Goodbye to Gout

  • 1 Oct 2010
  • Reading time 11 mins
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Gout is actually a form of arthritis, sometimes called gouty arthritis. The cause of gout is thought to be a build-up of uric acid, a substance in the blood that should be excreted from the body via the kidneys.

If you are unfortunate enough to suffer from the painful symptoms of gout, you will probably be prescribed NSAIDs (in the absence of kidney or digestive problems) or another form of drug to lower urate levels. Other measures include a low purine diet, weight loss in the case of obesity and lowering alcohol intake.

Reduce intake of purines and protein

Certain foods are rich in naturally occurring substances called purines, which are metabolised into uric acid. Purines are not bad for you as such – in fact they are essential, but excessive consumption is associated with increased risk for gout. The same is true with excessive consumption of protein. The most concentrated sources of purines are red meat, organ meat and oily fish (such as salmon, sardines, and herring), as well as lentils, peas and beans.

The table below shows you the richest foods:

Food SourcePurine Content
Anchovies 411
Sardines (tinned) 399
Herrings (tinned) 378
Sardines (fresh) 345
Pork liver 289
Salmon 250
Mackerel (tinned) 246
Chicken liver 243
Blackeye beans 230
Lentils 222

If you are actively suffering from gout, it is best to limit your intake of these until the gout has gone away. Your ability to tolerate purine-rich foods, in moderation, will probably return once you are following a low GL diet.

Cut back on alcohol

The more alcohol you drink, the greater becomes your risk. Port and also red wines have been associated with gout for many years, however, a more recent study finds that beer is worse. Published in The Lancet, this study involved 50,000 men and found that while drinking alcohol is linked with an increased risk of developing gout, the consumption of beer had the strongest association, followed by spirits, then wine.1

Also, make sure you drink plenty of water which helps to flush out excess uric acid and improve kidney clearance. Exercise also helps.

Avoid high-fructose drinks and foods

Fructose, the sugar in many fruits, cannot be directly used for energy and thus has to be converted into glucose by the liver. This process creates uric acid, which then promotes gout.2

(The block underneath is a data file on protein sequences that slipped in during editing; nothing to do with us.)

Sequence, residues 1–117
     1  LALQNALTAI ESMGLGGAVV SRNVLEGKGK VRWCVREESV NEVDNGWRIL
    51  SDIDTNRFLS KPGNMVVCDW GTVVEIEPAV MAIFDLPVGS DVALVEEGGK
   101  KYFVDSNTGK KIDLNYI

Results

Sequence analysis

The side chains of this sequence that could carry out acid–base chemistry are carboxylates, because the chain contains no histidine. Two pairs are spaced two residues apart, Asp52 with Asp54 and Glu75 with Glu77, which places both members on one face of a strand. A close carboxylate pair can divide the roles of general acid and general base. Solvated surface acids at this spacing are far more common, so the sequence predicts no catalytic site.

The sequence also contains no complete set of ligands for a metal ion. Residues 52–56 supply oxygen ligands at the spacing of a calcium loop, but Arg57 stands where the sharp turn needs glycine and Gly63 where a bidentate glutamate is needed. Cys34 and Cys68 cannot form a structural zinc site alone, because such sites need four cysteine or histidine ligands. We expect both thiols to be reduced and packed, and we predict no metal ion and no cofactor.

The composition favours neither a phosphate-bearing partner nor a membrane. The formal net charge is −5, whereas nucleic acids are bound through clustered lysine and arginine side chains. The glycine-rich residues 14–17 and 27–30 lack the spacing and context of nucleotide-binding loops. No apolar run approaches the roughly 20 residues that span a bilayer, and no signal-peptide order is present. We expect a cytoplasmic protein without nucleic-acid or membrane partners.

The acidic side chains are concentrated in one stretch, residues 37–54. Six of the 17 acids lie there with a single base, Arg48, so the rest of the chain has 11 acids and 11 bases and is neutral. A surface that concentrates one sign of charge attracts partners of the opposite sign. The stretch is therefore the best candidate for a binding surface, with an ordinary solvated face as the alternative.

Also, the uric acid impedes the production of a substance called nitric oxide which keeps your blood pressure low. So too much fructose is also associated with high blood pressure. But most fructose is turned into LDL, making LDL cholesterol, and then put into storage as fat.

Normally fruit in nature is supplied with lots of fibre, so you feel fuller and don’t eat too much. But mankind, in his infinite wisdom, has learnt how to extract only the juice, or the fructose, and add it into foods. So, drinking any juice, including apple or orange juice, gives you quite high levels of fructose. Most fizzy drinks are absolutely loaded with ‘high-fructose corn syrup’ which is the worst sugar of all.

That’s the theory but where’s the evidence? Three recent trials have confirmed this link. The first, published in the Journal of Pediatrics, studied almost 5000 adolescents and found that the more sweetened drinks they drank, the higher their uric acid level and their blood pressure 3. The second in the British Medical Journal studied 46,393 men without gout over 12 years, during which time 755 developed the condition. The more sweetened soft drinks these men drank, the greater was their risk of developing gout, with almost double the risk if drinking two or more sweetened drinks a day. Their total intake of fruit juices or fructose-rich fruits such as apples and oranges was also associated with increasing risk4. The third trial studied gout in women, which is becoming more common. Out of almost 79,000 women studied over 22 years, 778 developed gout. Once again, the study found that increasing intake of sugar-sweetened drinks was associated with increasing risk of gout. Compared with women who consumed less than one serving per month, those who consumed one serving per day had a 74% increased risk of gout; and those with two or more servings per day had a 2.4 times higher risk 5.

Orange juice intake was also associated with risk of gout. Compared with women who consumed less than a glass (6 oz) of orange juice per month, women who consumed one serving per day had a 41% higher risk of gout, and there was a 2.4 times higher risk with two or more servings per day. Also, compared with women in the lowest quintile (fifth) of fructose intake, women in the highest quintile had a 62% higher risk of gout. In the words of the researchers: "Our data provides prospective evidence that fructose poses an increased risk of gout among women, thus supporting the importance of reducing fructose intake." So, you want to stay away from high-fructose drinks, fruit juices and also eating too much high-fructose fruit.

Eat cherries, berries and plums and drink cherry juice

The good news is that not all fruit is high in fructose. The principal sugar in berries, cherries and plums is xylose which is not metabolised in the same way, so these are much better for you. Nine teaspoons of xylose (called xylitol when crystallized) has the same blood-glucose-raising effect as one teaspoon of sugar. There also seems to be something special about cherries in relation to gout. One study in particular points to the importance of cherries as a treatment regimen6. However, this study was conducted on sweet rather than tart ......

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